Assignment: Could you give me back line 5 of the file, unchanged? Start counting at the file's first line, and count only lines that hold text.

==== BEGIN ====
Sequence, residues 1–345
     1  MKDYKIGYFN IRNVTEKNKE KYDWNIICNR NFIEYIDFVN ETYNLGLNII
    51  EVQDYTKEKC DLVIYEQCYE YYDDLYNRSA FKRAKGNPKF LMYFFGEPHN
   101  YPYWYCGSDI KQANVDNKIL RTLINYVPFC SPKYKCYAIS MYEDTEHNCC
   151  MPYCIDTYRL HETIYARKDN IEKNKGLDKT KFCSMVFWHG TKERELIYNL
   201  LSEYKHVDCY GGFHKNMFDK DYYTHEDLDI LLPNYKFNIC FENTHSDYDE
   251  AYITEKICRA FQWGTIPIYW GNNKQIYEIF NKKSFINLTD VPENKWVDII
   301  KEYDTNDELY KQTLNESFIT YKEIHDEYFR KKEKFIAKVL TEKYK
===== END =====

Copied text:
   151  MPYCIDTYRL HETIYARKDN IEKNKGLDKT KFCSMVFWHG TKERELIYNL